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# Metallic means

Metallic means (metallic ratios), also called silver means (silver ratios), are a generalization of the golden ratio.

Metallic means (metallic ratios)
 n
 n + 2√  n 2 + 4 2
Value A-number Name
 0
 (0 + 2√  4) / 2
 1

 1
 (1 + 2√  5) / 2
 1.61803
A001622 Golden ratio
 2
 (2 + 2√  8) / 2
 2.41421
A014176 Silver ratio
 3
 (3 + 2√  13) / 2
 3.30278
A098316
 4
 (4 + 2√  20) / 2
 4.23607
A098317
 5
 (5 + 2√  29) / 2
 5.19258
A098318
 6
 (6 + 2√  40) / 2
 6.16228
A176398
 7
 (7 + 2√  53) / 2
 7.14005
A176439
 8
 (8 + 2√  68) / 2
 8.12311
A176458
 9
 (9 + 2√  85) / 2
 9.10977
A176522

The more general simple continued fraction expressions

${\displaystyle n+{\cfrac {1}{n+{\cfrac {1}{n+{\cfrac {1}{n+{\cfrac {1}{n+{\cfrac {1}{\ddots }}}}}}}}}}=[n;n,n,n,n,\dots ]={\frac {1}{2}}\left(n+{\sqrt {n^{2}+4}}\right)\,}$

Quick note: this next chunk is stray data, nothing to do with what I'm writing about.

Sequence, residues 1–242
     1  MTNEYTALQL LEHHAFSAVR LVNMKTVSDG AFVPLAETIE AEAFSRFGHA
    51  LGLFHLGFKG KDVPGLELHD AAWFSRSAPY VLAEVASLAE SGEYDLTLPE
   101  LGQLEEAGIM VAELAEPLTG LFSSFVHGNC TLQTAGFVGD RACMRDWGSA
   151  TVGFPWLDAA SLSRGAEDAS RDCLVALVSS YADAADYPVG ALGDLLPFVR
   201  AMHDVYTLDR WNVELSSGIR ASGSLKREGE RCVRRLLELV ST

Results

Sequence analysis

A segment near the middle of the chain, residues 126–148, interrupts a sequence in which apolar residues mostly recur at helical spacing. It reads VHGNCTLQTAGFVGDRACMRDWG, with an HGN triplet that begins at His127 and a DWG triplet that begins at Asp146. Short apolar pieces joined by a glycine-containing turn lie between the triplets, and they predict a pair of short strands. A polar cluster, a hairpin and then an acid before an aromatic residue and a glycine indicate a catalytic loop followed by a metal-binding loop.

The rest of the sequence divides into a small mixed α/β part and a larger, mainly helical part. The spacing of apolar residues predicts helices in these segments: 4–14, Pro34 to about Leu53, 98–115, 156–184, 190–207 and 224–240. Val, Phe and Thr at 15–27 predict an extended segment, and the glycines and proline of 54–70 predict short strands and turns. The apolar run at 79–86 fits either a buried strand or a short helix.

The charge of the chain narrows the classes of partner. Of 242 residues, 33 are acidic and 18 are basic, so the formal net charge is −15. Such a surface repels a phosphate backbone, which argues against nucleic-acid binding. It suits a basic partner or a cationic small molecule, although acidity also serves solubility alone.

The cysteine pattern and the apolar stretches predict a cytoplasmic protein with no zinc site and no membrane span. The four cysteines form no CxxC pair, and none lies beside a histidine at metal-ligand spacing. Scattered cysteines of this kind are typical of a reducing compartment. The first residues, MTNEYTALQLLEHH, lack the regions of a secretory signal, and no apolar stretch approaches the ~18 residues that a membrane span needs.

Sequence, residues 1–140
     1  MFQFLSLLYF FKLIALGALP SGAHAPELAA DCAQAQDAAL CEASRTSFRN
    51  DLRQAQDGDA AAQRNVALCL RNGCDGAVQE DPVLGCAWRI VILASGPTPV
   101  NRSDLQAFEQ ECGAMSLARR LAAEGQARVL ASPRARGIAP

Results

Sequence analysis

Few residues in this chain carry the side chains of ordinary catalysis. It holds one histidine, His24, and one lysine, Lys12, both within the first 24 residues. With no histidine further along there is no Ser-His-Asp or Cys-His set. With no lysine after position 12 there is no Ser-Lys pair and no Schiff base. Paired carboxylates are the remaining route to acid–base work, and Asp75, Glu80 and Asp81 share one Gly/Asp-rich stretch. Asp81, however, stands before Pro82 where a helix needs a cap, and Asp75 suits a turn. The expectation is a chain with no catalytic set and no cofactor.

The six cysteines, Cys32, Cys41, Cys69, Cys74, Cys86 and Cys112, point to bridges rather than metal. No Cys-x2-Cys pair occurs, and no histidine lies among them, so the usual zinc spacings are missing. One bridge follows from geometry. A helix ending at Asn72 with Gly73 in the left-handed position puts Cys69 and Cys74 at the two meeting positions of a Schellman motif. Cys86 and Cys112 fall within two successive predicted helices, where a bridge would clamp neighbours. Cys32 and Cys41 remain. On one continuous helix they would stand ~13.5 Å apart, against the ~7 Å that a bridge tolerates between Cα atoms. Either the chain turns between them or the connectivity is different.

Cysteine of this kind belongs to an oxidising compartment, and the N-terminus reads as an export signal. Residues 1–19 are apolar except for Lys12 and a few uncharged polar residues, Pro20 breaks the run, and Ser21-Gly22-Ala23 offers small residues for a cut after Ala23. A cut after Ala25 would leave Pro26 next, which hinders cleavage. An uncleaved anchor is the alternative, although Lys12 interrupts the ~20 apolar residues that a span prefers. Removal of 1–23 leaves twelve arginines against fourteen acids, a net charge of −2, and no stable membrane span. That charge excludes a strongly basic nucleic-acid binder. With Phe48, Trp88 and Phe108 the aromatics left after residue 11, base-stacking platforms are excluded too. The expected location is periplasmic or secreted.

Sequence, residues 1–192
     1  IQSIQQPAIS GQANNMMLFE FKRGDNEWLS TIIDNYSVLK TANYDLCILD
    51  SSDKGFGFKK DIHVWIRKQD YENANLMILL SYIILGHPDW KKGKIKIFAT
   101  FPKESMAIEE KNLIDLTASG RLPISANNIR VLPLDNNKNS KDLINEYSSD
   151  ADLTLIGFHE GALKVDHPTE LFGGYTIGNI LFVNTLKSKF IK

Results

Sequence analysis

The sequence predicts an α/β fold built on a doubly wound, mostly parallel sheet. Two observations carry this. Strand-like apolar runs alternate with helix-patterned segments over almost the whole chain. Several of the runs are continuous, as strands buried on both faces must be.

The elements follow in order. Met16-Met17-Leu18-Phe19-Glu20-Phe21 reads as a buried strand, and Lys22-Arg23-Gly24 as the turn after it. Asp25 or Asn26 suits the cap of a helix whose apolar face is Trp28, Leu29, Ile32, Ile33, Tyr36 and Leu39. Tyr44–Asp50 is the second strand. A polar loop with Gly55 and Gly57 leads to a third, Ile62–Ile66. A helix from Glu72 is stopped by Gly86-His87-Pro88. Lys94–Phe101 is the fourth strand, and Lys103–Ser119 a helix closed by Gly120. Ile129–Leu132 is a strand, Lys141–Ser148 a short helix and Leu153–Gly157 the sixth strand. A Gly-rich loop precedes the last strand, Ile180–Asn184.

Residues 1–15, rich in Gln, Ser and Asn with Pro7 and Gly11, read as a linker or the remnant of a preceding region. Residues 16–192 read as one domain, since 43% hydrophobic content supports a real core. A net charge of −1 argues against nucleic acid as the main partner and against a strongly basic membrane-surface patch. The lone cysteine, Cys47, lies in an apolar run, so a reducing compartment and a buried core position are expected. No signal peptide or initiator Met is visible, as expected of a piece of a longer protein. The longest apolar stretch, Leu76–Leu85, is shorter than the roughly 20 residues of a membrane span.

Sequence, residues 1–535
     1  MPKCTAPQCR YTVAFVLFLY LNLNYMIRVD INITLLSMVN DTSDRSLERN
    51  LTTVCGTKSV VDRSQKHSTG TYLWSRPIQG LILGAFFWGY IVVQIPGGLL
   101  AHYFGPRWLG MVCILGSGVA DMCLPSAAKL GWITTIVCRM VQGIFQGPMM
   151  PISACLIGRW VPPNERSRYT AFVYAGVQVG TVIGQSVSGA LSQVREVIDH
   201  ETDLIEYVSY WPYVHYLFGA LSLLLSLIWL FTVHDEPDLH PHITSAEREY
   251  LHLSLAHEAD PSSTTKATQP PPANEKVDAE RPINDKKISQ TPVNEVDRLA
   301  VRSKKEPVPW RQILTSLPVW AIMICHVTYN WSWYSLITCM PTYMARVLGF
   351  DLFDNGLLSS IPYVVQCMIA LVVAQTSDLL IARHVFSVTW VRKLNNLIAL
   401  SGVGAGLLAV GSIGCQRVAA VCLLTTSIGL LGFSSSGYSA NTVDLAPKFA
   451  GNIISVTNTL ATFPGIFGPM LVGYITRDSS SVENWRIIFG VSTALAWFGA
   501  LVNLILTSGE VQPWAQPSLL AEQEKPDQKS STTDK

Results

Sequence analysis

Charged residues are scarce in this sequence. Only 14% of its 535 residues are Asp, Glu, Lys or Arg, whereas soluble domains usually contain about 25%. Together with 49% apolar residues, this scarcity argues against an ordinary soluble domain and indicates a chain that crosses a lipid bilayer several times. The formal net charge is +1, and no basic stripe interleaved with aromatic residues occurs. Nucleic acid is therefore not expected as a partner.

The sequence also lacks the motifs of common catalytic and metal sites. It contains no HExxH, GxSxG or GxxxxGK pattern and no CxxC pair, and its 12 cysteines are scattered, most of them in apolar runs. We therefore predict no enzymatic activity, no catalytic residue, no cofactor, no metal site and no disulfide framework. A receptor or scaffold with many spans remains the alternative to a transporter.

are known as the silver means or metallic means[1] of the successive natural numbers. The golden ratio is the silver mean between
 1
and
 2
, while the silver ratio is the silver mean between
 2
and
 3
. The term "bronze ratio", or terms using other names of metals, are occasionally used to name subsequent silver means.[1] The values of the first ten silver means are shown at right.[2] Notice that each silver mean is a root of the simple quadratic equation
${\displaystyle x^{2}-nx-1=0,\,}$
where
 n
is any positive natural number. Hence
${\displaystyle x-n={\frac {1}{x}}={\frac {1}{n+(x-n)}},\,}$

which leads to the above continued fraction.

The silver mean of
 n
is also given by the integral
${\displaystyle S_{n}=\int _{0}^{n}{\left({x \over {2{\sqrt {x^{2}+4}}}}+{{n+2} \over {2n}}\right)}\,{\rm {d}}x.}$

## Notes

1. Weisstein, Eric W., Silver Ratio, from MathWorld—A Wolfram Web Resource.